Born in 1936, John Blashford-Snell, one of the world's most respected explorers, studied at Victoria College, Jersey, before entering The Royal Military Academy, Sandhurst. Richard Snailham, formerly foreign secretary of the Royal Geographical Society, joined him on a 2001 expedition in the Bolivian Amazon, in search of Paititi, the mythical land the Spanish conquistadors called El Dorado. This is an extract from their book 'East to Amazon'.
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As the day grew hotter, tiny monkeys feeding on the blossoms above us chattered in alarm as we passed, and the great electric-blue butterflies flitted ahead of our column. Some of the porters swigged alcohol, and they all chewed coca incessantly to give them strength - or to perhaps numb the pain of their loads.
As we reached the ridge the trail flattened out. The walls of the "fort" were now exposed, and appeared to be much better constructed than those at Tulani. Faced stone had been used, in the Inca tradition. "Inca," said Juan Domingo confidently, showing me some pottery. "I think it's an inn, not a fort - probably used by traders travelling up from the river." Ertl had talked of another ruin 200 yards away, but, though we searched all day, the dense jungle and bamboo obscured everything. Hidden from view, 2,000 feet below, on the Rio Chinijo, Craig Halford's bridge was progressing slowly. Sam Allen, who had earlier joined us from advanced base, now provided medical cover for the main party. I was still worried about having a serious injury in this treacherous terrain. Sam was an asset in many ways. He is an excellent cook, and his culinary efforts did much to raise spirits. Paul Overton had joined us again, looking rather old behind his shaggy grey beard. However, it gave him a measure of protection from the wretched bees that had returned to the attack. We all got stung and, remembering a near-fatality from a hornet sting on the Darién expedition in 1972, I hoped we had no one with an allergy to them.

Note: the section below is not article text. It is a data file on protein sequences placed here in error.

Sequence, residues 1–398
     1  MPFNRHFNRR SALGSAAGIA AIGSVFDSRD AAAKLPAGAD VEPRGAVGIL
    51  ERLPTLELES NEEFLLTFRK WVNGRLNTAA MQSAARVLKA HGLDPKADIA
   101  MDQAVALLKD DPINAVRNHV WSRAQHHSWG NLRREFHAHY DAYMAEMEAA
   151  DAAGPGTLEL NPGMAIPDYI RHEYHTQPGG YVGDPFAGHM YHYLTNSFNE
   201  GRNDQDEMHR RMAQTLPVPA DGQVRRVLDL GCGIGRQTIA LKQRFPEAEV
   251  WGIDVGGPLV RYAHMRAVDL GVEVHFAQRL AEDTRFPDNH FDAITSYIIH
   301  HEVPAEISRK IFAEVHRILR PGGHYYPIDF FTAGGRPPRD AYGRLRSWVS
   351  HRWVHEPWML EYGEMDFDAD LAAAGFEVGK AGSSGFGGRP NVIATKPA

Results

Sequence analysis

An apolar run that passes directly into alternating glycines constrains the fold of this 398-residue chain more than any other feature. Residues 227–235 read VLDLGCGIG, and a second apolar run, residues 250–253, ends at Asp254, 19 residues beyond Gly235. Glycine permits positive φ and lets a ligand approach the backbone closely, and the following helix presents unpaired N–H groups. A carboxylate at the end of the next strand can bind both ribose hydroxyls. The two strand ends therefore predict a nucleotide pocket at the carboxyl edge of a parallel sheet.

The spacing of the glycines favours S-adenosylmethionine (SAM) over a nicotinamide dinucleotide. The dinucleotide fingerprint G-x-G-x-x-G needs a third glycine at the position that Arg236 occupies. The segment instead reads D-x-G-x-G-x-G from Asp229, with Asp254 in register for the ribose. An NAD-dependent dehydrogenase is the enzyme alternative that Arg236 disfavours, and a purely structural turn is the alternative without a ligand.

Then the rains struck. The descent to the Chinijo became more than normally hazardous. We slid downhill, ducking under low trees and clambering over massive trunks which blocked the way. Vines snapped and sent us slithering uncontrollably. "If we get everyone down this cliff without a broken leg," I said to Yoli, "it will be a miracle." But we did. Near the bottom the track was supported by ancient walls of faced stone, and there were terrace walls and broad platforms. Everywhere one looked there were signs of an earlier civilisation - but the two Bolivian archaeologists were too far sunk in misery to notice.
Craig Halford's engineers had worked hard on the bridge. A 60-foot length had been cut from a tree felled nearby. It didn't quite reach the far bank, so they had built a pier of stones for it to rest on. On top of it they had nailed short slats of wood to make a safer walkway, and had rigged a cord handrail. But crossing it would still be perilous: the Chinijo surged underneath, and good balance was required.
In pouring rain I said, "I name this bridge Halford's Bridge", and with my machete I sliced through a coloured ribbon tied across by Dr Jo Brown. Juan Domingo then donned a life-jacket and nervously made his way over. To have fallen off with a heavy pack would have been to invite drowning. "Don't look down at the water" I cautioned Jo as I set off. That, of course, was an invitation to do so, but I nevertheless made it across. The ensuing wet season would probably see the giant log borne away on the flood, but at least I could get our expedition over it.
'East to Amazon', by John Blashford-Snell and Richard Snailham (£8.99, John Murray). Readers of the 'Independent on Sunday' can order a copy for the discounted price of £7.99 (including p&p within the UK). Call 0870 121 0009 and quote BSH051.Reuse content